World view - Michela Wrong doubts if a woman is any better
We should be wary of giving too much significance to what Liberia's new president has, or doesn't ha
If you're a western woman, travelling around Africa is a constant reminder to be grateful. "Thank you," you murmur, as you read that 80 per cent of Tanzania's agricultural work is done by women. "Oh, thank you," as you spot an article about the rapes in the refugee camps of Darfur, or a survey indicating that 95 per cent of Eritrean women are circumcised. "Thank you, God, for not making me an African woman."
A friend of mine, a veteran commentator on African affairs, has long maintained that the single most positive development that could take place on the continent would be the disenfranchisement of the entire male sex. An interesting idea, but one it's hard to see being put into practice.
My own opinion of the African male has never recovered from witnessing the mass Hutu exodus into Zaire that followed Rwanda's genocide. You'd pass them on the road, thousands of families heading into exile. The women would stagger by: a baby strapped to their backs, a couple of children holding on to their skirts, blackened cooking pots in their arms, a rolled sleeping mat balanced on their heads, sweat streaming down their faces. And the men? A few carried battered briefcases, symbol of their educated status. But most went empty-handed across the border. However uncertain the future, nothing could persuade them to carry a household item. That was women's work.
So I sympathise with those who recently rejoiced at the fact that Ellen Johnson-Sirleaf, winner of Liberia's elections, is shortly to become the first female elected president of an African nation. Writing movingly in the New York Times, a young Liberian writer said that for her abused sisters in Africa - "the worst place on earth to be a woman" - the election carried the message: "Your time will come, too."
I hope she's right. Johnson-Sirleaf, a Harvard-educated banker who has done prison time under a former regime, certainly comes across in her interviews as someone with a keen practical sense of what needs to be done to turn Liberia into a functioning state again. Her ego seems under control and she has a far-reaching development agenda which includes plans to woo back diasporan talent.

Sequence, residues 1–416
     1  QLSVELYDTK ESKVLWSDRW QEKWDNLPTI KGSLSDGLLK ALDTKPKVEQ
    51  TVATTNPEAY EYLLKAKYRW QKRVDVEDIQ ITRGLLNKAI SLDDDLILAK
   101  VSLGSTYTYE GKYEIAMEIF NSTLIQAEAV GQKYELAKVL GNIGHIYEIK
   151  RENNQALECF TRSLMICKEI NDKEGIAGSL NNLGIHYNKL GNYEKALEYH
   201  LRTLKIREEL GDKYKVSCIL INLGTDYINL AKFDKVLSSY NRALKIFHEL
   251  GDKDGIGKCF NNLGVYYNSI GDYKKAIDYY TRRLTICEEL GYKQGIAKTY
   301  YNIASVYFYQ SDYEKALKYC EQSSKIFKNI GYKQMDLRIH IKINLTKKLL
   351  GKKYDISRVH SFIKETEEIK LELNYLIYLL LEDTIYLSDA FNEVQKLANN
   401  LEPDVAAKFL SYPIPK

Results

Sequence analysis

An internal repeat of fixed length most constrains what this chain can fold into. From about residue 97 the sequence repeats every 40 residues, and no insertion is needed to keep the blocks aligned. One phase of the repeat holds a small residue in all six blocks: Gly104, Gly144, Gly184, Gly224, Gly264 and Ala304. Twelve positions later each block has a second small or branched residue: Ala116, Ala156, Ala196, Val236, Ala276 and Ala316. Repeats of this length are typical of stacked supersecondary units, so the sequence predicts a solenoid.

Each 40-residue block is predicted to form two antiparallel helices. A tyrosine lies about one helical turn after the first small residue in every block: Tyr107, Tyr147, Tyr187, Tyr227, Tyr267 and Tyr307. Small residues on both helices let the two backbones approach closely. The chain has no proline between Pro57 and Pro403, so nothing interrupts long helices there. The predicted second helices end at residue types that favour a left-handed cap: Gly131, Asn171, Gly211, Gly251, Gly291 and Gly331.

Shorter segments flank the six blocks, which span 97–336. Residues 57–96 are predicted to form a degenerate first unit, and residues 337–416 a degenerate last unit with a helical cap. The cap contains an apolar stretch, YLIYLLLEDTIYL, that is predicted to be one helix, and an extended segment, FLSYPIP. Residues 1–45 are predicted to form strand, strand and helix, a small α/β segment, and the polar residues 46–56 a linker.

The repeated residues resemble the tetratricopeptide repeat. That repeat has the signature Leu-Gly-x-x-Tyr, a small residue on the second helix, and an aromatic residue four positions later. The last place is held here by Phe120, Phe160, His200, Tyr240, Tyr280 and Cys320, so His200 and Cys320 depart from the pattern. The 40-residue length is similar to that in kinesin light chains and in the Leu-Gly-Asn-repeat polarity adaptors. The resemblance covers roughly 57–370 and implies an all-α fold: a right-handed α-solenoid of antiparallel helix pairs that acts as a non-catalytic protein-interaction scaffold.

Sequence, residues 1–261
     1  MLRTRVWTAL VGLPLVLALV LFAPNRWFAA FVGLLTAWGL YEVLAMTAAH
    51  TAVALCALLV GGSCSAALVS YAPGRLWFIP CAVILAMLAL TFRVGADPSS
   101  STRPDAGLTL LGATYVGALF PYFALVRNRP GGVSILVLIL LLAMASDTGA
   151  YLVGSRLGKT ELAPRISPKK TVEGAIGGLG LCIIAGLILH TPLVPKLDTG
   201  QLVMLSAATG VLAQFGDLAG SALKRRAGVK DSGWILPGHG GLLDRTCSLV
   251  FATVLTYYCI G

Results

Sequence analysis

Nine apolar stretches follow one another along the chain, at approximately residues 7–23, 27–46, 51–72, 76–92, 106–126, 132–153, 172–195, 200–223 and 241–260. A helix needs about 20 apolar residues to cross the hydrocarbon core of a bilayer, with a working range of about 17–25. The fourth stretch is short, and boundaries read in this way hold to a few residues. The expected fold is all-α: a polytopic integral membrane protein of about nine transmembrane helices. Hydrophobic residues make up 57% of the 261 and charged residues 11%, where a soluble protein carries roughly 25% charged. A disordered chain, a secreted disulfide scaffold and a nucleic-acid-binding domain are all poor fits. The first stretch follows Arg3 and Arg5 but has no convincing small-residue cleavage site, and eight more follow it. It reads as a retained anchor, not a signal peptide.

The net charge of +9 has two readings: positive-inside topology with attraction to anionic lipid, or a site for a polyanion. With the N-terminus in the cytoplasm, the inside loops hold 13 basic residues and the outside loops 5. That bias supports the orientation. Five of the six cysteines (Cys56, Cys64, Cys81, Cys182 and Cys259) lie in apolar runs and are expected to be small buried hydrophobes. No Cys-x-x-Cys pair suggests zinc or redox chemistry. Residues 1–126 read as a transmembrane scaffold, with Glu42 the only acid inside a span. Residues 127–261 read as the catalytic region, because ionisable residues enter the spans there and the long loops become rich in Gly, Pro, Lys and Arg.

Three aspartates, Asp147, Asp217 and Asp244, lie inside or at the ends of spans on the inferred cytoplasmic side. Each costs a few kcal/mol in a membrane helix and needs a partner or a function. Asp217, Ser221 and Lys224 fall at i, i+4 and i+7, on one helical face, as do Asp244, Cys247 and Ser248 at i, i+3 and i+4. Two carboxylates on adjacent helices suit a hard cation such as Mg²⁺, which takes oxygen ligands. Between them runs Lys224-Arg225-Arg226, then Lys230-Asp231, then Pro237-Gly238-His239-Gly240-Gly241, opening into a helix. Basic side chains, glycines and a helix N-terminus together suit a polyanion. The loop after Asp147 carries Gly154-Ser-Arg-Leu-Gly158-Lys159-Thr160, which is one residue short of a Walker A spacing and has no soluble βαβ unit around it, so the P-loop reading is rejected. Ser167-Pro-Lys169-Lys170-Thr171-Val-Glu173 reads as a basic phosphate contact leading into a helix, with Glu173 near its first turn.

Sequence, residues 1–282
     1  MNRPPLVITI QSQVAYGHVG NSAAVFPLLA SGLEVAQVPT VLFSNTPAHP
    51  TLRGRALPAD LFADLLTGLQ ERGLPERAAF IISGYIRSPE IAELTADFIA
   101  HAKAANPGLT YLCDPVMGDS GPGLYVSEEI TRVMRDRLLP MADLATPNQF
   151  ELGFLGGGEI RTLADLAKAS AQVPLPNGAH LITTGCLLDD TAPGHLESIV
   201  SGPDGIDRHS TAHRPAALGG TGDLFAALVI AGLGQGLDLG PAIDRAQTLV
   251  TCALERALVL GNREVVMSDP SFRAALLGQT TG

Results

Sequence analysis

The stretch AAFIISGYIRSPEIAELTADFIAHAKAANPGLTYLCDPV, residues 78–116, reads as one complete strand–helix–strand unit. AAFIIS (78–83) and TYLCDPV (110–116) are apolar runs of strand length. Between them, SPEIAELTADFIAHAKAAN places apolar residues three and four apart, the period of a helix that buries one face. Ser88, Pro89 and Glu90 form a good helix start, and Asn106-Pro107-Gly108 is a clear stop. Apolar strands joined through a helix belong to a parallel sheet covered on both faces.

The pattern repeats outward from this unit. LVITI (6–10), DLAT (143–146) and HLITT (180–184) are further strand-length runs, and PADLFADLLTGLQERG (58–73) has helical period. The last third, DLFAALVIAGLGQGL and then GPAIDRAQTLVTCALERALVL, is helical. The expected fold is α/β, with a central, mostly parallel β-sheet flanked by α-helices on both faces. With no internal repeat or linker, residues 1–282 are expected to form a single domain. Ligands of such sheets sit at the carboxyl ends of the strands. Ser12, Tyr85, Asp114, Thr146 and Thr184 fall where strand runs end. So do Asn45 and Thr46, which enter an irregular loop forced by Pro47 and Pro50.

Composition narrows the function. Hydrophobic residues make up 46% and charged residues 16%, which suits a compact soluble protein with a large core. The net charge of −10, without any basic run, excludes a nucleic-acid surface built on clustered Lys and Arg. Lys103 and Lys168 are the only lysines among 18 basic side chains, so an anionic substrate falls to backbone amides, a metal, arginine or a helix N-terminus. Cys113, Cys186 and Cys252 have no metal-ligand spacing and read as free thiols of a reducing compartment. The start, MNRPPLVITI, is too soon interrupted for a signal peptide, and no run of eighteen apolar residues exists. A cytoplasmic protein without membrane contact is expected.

Amusing as it might have been to see a former football star in the shape of George Weah attempt to run a West African nation, Liberia has already had more than its fair share of surrealism. But we should be wary of pinning too much significance to what Johnson-Sirleaf has - or rather doesn't have - between her legs.
It only takes a moment's thought to summon up a number of examples proving that ruthlessness in pursuit of personal ambition has never been an exclusively male characteristic. While certainly rarer, the powerful African female, when she emerges, is often deadlier than the male.
Most historians reckon that Agathe Habyarimana played a far more central role in laying the foundations of Rwanda's genocide than her weak-willed president husband. Like Winnie Mandela, she hardly conforms to the stereotype that women in power are more intuitive, more subtle and less confrontational than their testosterone-crazed male counterparts.
As for demonstrating empathy for the downtrodden, a bevy of first ladies (Grace Mugabe, Mariam Abacha and Bobi Ladawa spring to mind) gave new meaning to "bling" during their Visigoth-style raids on the shopping arcades of London and Paris.
Looking beyond the continent to other male-dominated cultures where women unexpectedly seized the reins, it's hard to argue that any shattered the mould. Did Benazir Bhutto break with Pakistan's political traditions? How about Cory Aquino in the Philippines? Here in Britain, you won't find many takers for the notion that Maggie Thatcher opened up the workplace, let alone British politics, for her own sex.
It's a safe bet that Johnson-Sirleaf got to the top by using "masculine" political skills to master a male-dominated system. Hardly an establishment outsider, this former finance minister has adapted to her society's reality, rather than obliging it to adapt around her "feminine" strengths. Her success in crushing Liberia's culture of warlordism is more likely to depend on her ability to get down and scrap with the boys than any softer, more cuddly womanly qualities.
In this context, it's interesting how many commentators remark of Johnson-Sirleaf - and it's meant as a compliment - that the future president is "not really a woman". For those who have had dealings with her, stuck in the age-old paradigm which dictates that decisions in Africa are taken by men, Johnson-Sirleaf's sex and her new role remain so much at odds that one element must be eliminated for the equation to make any intellectual sense.
As a bunch of homophobic rugby players might say of an old schoolmate, "He's not gay, he's our Simon", or National Front-voting residents might think, "He's not Asian, he's just Dilip", of the friendly local newsagent, these officials have had to neuter Johnson-Sirleaf, turning her into a category-less, sexless being, in order to accord her any respect. Like the Queen in Saudi Arabia, she has become a token male.